The Jefferson County Sheriff’s Department has agreed to settle an open records case by turning over unredacted copies of requested incident reports and paying WILL’s attorney fees and costs.
“Law enforcement agencies that choose to redact information like this are making a big mistake,” said Tom Kamenick, deputy counsel and open government specialist at WILL.
In July 2014, Wisconsin Watchdog made a routine open records request with the sheriff’s department seeking incident reports related to the destruction of property at a GOP booth at the Jefferson County Fair. Members of the party first made the incident public on the Vicki McKenna Show, on NewsTalk 1310 WIBA.
Germantown kindergarten teacher April Kay Smith first denied, then admitted to Jefferson County authorities she had damaged several signs at the Jefferson County Republican Party booth after the fair had shut down for the night. She told a deputy that she was “just so angry with (Gov.) Scott Walker due to the fact that she was a school teacher” because of Act 10, the Republican governor’s reforms to Wisconsin’s public employee collective bargaining law.
The Jefferson County Sheriff’s Department would only release a redacted report, with much of the key information, including Smith’s name, blacked out. Wisconsin Watchdog eventually was able to track down much of the information from other sources.
The agency cited department policy prohibiting publicly identifying information of suspects in police reports.
That policy was driven by a Seventh Circuit U.S. Court of Appeals decision declaring that Palatine, Ill., police were wrong in placing a parking ticket on the windshield of a vehicle, that doing so violated the driver’s personal information. The case involved the federal Driver Privacy Protection Act. Jefferson County authorities said the DPPA required it to redact personal information from its public reports.
The federal court originally said placing the ticket on the windshield was a “disclosure,” but after remand and another appeal found that an exception permitted the disclosure.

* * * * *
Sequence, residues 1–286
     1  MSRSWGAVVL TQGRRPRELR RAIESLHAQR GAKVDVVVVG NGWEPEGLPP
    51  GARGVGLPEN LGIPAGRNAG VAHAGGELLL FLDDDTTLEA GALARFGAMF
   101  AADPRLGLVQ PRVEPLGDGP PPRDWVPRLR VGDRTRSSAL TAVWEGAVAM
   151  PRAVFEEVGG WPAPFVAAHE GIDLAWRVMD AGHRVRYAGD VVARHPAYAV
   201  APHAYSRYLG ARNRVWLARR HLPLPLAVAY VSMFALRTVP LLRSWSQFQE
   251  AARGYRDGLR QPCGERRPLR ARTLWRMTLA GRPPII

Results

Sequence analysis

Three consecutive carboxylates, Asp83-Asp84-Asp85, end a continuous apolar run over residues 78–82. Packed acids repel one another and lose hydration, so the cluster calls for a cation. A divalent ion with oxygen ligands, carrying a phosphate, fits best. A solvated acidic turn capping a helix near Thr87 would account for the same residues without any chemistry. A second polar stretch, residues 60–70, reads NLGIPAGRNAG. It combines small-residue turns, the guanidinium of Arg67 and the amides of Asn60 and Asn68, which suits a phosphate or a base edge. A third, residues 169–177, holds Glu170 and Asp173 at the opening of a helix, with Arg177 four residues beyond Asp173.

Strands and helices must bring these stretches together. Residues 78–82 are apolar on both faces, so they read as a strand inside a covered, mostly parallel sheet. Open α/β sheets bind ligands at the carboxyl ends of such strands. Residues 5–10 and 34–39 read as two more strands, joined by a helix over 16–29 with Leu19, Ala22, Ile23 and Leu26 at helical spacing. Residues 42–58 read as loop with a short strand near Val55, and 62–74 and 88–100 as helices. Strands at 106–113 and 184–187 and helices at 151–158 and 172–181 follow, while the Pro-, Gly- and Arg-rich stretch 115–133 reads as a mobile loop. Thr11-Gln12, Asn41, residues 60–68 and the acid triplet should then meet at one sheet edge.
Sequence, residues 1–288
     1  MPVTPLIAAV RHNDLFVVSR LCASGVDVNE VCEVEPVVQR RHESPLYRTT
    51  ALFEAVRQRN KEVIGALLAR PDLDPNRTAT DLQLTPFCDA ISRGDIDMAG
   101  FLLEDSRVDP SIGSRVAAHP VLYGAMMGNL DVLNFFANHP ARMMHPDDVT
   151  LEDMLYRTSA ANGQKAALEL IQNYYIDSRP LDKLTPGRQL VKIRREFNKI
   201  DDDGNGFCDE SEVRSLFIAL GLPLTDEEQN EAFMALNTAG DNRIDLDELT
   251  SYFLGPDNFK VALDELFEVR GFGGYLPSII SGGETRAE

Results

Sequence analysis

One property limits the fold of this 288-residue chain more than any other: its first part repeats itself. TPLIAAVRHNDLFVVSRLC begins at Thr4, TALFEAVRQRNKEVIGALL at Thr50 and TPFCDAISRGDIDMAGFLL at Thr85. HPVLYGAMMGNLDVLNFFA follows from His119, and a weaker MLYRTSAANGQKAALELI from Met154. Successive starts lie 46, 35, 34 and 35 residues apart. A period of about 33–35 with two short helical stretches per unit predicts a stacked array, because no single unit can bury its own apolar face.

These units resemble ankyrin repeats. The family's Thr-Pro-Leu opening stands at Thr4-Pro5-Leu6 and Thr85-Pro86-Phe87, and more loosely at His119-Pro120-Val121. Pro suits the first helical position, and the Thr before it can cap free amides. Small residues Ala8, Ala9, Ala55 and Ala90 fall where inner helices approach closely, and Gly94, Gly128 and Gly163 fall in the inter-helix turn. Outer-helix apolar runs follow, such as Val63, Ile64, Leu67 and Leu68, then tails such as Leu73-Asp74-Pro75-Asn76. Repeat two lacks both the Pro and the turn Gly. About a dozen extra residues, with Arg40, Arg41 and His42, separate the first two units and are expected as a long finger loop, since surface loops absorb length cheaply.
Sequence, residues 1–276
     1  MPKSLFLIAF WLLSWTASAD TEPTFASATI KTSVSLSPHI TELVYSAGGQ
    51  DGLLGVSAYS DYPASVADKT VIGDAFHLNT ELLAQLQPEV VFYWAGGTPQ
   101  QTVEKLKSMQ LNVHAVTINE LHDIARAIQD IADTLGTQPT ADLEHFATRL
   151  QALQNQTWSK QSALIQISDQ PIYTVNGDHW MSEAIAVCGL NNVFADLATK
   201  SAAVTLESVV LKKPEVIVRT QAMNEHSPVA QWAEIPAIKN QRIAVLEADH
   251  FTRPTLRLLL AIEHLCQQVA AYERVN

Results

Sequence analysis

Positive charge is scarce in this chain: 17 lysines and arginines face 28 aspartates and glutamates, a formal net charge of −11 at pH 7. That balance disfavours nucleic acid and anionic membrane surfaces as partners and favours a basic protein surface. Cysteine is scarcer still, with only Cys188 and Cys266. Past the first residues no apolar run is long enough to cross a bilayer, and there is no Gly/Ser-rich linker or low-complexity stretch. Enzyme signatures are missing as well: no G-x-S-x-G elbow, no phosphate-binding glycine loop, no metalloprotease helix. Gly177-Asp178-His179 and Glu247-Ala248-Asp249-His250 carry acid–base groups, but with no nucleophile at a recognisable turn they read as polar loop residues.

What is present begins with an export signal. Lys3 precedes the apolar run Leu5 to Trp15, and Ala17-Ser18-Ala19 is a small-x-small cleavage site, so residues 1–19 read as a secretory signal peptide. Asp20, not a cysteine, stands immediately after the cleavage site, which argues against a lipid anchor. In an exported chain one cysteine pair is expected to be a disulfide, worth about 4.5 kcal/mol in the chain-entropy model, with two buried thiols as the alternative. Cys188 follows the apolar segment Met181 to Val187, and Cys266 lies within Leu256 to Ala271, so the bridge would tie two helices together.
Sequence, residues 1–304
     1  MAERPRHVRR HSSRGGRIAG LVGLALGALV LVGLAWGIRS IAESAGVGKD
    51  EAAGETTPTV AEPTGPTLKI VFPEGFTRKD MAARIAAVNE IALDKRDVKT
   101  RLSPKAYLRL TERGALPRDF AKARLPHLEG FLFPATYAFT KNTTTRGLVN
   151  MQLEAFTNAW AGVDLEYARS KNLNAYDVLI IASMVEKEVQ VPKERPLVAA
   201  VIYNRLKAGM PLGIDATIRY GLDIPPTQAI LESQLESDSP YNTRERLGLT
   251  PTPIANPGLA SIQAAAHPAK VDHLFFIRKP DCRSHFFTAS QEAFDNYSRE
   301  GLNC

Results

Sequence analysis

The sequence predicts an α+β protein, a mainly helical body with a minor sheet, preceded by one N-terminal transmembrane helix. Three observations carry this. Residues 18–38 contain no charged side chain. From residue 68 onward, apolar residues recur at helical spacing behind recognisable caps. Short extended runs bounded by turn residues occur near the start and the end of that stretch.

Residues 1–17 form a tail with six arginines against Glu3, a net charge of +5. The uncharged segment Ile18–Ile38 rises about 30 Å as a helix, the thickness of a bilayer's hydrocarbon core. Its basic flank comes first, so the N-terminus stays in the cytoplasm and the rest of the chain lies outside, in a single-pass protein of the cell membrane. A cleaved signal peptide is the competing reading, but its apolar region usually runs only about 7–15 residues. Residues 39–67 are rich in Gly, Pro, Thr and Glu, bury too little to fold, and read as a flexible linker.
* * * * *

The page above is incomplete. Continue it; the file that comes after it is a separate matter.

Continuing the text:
WILL, a Milwaukee-based public interest law firm, on behalf of Wisconsin Watchdog, sent Jefferson County a letter advising that the sheriff’s department’s interpretation of the court decision was overly broad and the agency could risk a lawsuit if it continues to keep basic information from the public.
“There has been no case where an open records request was filled and wound up making liable the people who filled it,” Kamenick said at the time.
Last year, WILL and Wisconsin Watchdog challenged those redactions in court, filing an open records lawsuit demanding release of unredacted copies of the records. The case was stayed pending resolution of New Richmond News v. City of New Richmond, a case raising the same issue before the Wisconsin Supreme Court.
The court split 3-3 and remanded the case back to the court of appeals for consideration. The Jefferson County Sheriff’s Department subsequently agreed to settle the Wisconsin Watchdog case but admitted no wrongdoing.
Kamenick said the settlement should be a wake-up call for government agencies that use that interpretation of the federal law to block public information.
“The DPPA contains an exemption for government agencies carrying out their functions, and providing open access to records is a function of every government agency,” the attorney said.
Wisconsin Watchdog is pleased with the settlement, particularly because it comes just days before Sunshine Week, a national initiative to promote a dialogue about the importance of open government and freedom of information. It is a First Amendment victory not only for journalists and news organizations but everyday citizens who have the right to open records and open governments.